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Valley formation aridifies East Africa and elevates Congo Basin rainfall

East African aridification during the past 8 million years is frequently invoked as a driver of large-scale shifts in vegetation1 and the evolution of new animal lineages, including hominins2,3,4. However, evidence for increasing aridity is debated5 and, crucially, the mechanisms leading to dry conditions are unclear6. Here, numerical model experiments show that valleys punctuating the 6,000-km-long East African Rift System (EARS) are central to the development of dry conditions in East Africa. These valleys, including the Turkana Basin in Kenya, cause East Africa to dry by channelling water vapour towards Central Africa, a process that simultaneously enhances rainfall in the Congo Basin rainforest. Without the valleys, the uplift of the rift system leads to a wetter climate in East Africa and a drier climate in the Congo Basin. Results from climate model experiments demonstrate that the detailed tectonic development of Africa has shaped the rainfall distribution, with profound implications for the evolution of African plant and animal lineages.

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Fig. 1: Overview of model experiments.
Fig. 2: The Turkana Channel influences the east–west rainfall gradient in tropical Africa.
Fig. 3: Water vapour export from East Africa increases as the Turkana Channel deepens.
Fig. 4: Valleys lead to lower rainfall in East Africa, with increased water vapour export across the rift system.

Data availability

Model data arising from this paper used in plotting and the edited high-resolution GLOBE dataset orography files for each experiment are available on publication at ERA5 data were downloaded from!/home. CHIRPS data are available at GPCP data are from Data used in base maps for figures are publicly available from and plotted with Cartopy ( The UK Met Office Unified Model is available for use under license. For further information on how to apply for a license, see

Code availability

Code for producing figures is available on publication at


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We acknowledge the input from and useful discussions with J. Lee-Thorp and R. Bobé (both Oxford University). This article is an output from the REACH programme, financed by UK Aid from the UK Foreign, Commonwealth and Development Office (FCDO) for the benefit of developing countries (programme code 201880). However, the views expressed and information contained in it are not necessarily those of or endorsed by the FCDO, which can accept no responsibility for such views or information or for any reliance placed on them.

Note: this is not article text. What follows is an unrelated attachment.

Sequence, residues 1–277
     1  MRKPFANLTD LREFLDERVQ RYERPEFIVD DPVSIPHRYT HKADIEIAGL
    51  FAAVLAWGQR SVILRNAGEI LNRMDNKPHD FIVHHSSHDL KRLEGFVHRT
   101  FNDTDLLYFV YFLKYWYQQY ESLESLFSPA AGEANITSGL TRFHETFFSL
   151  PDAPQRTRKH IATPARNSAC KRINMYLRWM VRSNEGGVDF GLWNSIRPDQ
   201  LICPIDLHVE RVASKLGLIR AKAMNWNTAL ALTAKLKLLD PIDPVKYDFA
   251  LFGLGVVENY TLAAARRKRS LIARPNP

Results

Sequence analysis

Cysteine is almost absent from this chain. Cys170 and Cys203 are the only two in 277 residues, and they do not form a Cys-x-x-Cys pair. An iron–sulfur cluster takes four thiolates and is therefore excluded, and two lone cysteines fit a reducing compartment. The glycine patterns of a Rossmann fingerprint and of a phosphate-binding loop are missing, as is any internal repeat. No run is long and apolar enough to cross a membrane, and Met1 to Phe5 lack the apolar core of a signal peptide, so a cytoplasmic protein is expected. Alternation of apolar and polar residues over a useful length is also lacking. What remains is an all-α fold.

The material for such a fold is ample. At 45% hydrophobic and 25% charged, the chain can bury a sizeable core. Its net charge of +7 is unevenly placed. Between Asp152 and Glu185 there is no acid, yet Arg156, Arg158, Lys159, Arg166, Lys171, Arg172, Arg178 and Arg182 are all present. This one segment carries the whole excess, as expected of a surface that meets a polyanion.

Author information

Authors and Affiliations



C.M. designed and ran the model experiments and wrote the manuscript. N.S. helped set up and run the model experiments and wrote part of the Methods section. R.W. contributed to the design of the experiments and edited the manuscript. R.G.J. contributed to the experimental design and edited the manuscript.

Corresponding author

Correspondence to Callum Munday.

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The authors declare no competing interests.

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Peer review information

Nature thanks Thierry C. Fotso-Nguemo and the other, anonymous, reviewer(s) for their contribution to the peer review of this work.

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Extended data

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Extended data figures and tables

Extended Data Fig. 1 Water vapour transport in control and reanalysis data.

The arrows show the direction and strength at which atmospheric-column integrated water vapour is being transported (kg m−1 s−1) in the control experiment (a) and ERA5 (b). Shading gives the IWVT magnitude (kg m−1 s−1) (see Methods). The East African region we use to evaluate the moisture budget is bounded by the red line in a. ERA5 data42 are available at!/home.

Extended Data Fig. 2 Evaluation of rainfall in the control simulation.

Annual rainfall (mm year−1) in the control (a), CHIRPS (b) and GPCP version 2.2 (c). CHIRPS38 data are available at GPCP data39 are from

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Munday, C., Savage, N., Jones, R.G. et al. Valley formation aridifies East Africa and elevates Congo Basin rainfall. Nature 615, 276–279 (2023).

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